An Incurable Fever

Thorne Kieffer, age 16

The definition of a fever is “a high body temperature, usually accompanied by shivering, headache, and sometimes, delirium.” In his entertaining memoir, “Fever Pitch,” Nick Hornby offers a history of his fever for soccer and his love for his home team Arsenal. It’s a fever that runs so strong it becomes the lens through which Hornby examines his whole life.

“Fever Pitch” is an action-packed narrative, perfect for the avid soccer fan, but a love for sports is not a requisite to enjoying this book. One may not understand every nuanced soccer term Hornby mentions, but that won’t take away from the visceral impact of going to hundreds of soccer games with the author at Highbury Stadium in North London.

Each chapter takes us to a different Arsenal game where Hornby lives through the victories and defeats and provides a running commentary of his concurrent emotional state. He shows us his elation after every big Arsenal victory. Hornby’s perfect day is comprised of, “A 2-0 home victory against the League leaders after a fish-and-chip-lunch.” In 1979 Arsenal makes it to the Cup Final for the second year in row only to lose again, which plunges Hornby into an almost debilitating slump: “I hated Arsenal. The club was a burden I could no longer carry but one that I would never, ever be able to throw off.” Hornby is so invested in Arsenal that, “Arsenal’s moods and fortunes somehow reflected (his) own.” His emotions are dangerously tethered to the successes and failures of his team.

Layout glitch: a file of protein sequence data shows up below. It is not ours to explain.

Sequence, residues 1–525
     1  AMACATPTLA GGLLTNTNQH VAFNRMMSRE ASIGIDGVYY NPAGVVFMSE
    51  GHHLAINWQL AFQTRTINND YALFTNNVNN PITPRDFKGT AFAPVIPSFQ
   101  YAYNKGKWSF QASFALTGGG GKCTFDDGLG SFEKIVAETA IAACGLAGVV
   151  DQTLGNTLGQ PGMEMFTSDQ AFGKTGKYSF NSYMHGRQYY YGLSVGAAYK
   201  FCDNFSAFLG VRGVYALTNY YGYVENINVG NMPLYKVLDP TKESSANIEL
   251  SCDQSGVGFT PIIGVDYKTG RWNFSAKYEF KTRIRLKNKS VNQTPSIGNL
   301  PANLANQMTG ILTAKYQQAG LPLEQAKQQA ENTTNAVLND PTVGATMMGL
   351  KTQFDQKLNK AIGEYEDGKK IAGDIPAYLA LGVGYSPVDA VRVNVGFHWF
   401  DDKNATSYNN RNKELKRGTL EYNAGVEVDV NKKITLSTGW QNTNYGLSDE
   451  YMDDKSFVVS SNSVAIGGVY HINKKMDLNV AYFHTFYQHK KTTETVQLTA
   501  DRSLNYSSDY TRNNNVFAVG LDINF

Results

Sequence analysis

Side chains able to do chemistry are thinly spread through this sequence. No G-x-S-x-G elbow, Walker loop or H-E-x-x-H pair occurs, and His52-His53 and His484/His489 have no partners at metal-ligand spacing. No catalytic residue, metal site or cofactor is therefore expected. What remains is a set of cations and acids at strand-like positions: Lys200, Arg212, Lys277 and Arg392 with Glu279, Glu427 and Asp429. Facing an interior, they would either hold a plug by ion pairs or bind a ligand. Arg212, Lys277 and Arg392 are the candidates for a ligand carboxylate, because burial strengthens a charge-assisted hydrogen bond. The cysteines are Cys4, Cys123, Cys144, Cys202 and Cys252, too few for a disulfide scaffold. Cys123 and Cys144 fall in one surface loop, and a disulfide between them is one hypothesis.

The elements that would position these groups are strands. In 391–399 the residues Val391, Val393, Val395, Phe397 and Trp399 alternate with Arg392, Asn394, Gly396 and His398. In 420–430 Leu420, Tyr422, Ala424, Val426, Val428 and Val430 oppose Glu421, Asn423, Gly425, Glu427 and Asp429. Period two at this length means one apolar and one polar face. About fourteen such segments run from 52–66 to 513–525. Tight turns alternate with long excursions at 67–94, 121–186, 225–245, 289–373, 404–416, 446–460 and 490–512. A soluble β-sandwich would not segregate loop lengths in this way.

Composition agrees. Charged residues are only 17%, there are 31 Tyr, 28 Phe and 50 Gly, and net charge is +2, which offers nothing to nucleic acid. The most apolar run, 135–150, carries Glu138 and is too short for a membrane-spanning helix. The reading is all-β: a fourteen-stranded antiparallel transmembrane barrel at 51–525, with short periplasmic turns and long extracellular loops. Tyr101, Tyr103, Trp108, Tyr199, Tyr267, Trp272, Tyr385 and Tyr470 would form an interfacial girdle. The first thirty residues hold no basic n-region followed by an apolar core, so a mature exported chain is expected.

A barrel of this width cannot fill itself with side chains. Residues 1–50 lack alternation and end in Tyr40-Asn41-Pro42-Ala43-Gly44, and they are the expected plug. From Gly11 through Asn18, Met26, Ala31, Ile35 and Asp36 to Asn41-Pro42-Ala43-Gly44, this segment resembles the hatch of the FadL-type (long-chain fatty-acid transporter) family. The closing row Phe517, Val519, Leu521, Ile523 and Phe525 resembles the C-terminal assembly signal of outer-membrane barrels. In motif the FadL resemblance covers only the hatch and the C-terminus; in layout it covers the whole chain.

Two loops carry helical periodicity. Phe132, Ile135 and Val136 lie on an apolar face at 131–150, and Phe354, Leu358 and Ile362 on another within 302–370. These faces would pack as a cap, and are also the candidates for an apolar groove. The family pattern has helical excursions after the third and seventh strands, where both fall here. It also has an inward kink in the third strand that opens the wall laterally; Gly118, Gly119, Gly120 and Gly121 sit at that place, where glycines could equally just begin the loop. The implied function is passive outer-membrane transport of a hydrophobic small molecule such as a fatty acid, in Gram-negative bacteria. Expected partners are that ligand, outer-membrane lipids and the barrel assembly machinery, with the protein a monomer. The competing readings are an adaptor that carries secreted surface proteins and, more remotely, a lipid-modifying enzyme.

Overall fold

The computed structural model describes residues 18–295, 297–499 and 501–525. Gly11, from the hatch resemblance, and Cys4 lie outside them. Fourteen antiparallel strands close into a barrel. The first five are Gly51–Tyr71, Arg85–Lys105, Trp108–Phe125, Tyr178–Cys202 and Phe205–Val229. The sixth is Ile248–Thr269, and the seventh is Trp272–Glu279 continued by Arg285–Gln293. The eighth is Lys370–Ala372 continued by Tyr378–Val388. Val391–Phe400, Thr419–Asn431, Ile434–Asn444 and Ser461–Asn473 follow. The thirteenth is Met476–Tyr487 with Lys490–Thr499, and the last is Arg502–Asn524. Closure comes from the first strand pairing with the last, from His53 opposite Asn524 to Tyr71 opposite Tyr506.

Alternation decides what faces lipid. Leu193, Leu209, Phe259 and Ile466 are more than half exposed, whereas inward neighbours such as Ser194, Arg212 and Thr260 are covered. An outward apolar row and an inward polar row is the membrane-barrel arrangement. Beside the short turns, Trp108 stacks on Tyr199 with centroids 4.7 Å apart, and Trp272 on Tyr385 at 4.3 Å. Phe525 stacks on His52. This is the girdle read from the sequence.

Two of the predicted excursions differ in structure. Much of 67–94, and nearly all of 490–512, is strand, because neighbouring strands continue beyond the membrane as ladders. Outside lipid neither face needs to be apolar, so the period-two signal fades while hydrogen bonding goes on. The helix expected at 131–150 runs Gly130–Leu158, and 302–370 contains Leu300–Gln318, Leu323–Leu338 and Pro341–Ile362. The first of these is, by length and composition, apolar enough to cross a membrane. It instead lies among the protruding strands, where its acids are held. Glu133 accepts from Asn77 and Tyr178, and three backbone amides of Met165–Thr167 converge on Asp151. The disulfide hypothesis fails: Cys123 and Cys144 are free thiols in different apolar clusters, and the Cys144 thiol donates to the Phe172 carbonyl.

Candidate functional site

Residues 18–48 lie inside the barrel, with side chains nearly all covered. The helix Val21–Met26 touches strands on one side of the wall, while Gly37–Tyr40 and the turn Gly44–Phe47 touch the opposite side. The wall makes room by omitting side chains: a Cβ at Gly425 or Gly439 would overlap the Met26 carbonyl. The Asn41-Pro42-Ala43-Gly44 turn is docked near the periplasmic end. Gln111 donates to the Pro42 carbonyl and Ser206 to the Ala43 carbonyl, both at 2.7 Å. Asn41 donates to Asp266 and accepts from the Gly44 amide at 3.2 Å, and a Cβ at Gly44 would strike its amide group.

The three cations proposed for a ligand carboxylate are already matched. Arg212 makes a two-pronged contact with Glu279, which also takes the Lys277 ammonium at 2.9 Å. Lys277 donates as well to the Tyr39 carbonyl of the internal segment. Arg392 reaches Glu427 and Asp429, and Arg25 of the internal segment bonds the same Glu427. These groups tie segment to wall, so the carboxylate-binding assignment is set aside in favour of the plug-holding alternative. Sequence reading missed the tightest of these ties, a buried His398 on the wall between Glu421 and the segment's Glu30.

As a subtheme, Hornby provides the reader a wonderful sense of the fierce camaraderie between British soccer fans. His writing is extremely detailed and vivid, so when he takes us to rowdy away games on Wednesday nights, the reader feels they are sitting in the seat beside him. The reader sees fans risk their lives in intense brawls in small British stadiums, where fevered fans just like him scream their lungs out as if they were on the team themselves. One witnesses how English soccer is more than just a sport, it’s a way for people to escape their daily lives and feel emotions on a greater scale. Soccer gives Hornby and his friends a greater sense of hope for their everyday lives.

Although his detailed descriptions of each game are gripping from a soccer standpoint, it is the way Hornby delves into his fluctuating emotions that makes this book a great read. In the end, this memoir is a sensitive description of a young boy’s coming-of-age during his years of fevered devotion to soccer. Hornby grows up through soccer in these pages, and it’s his poignant and growing self-awareness that keeps us reading.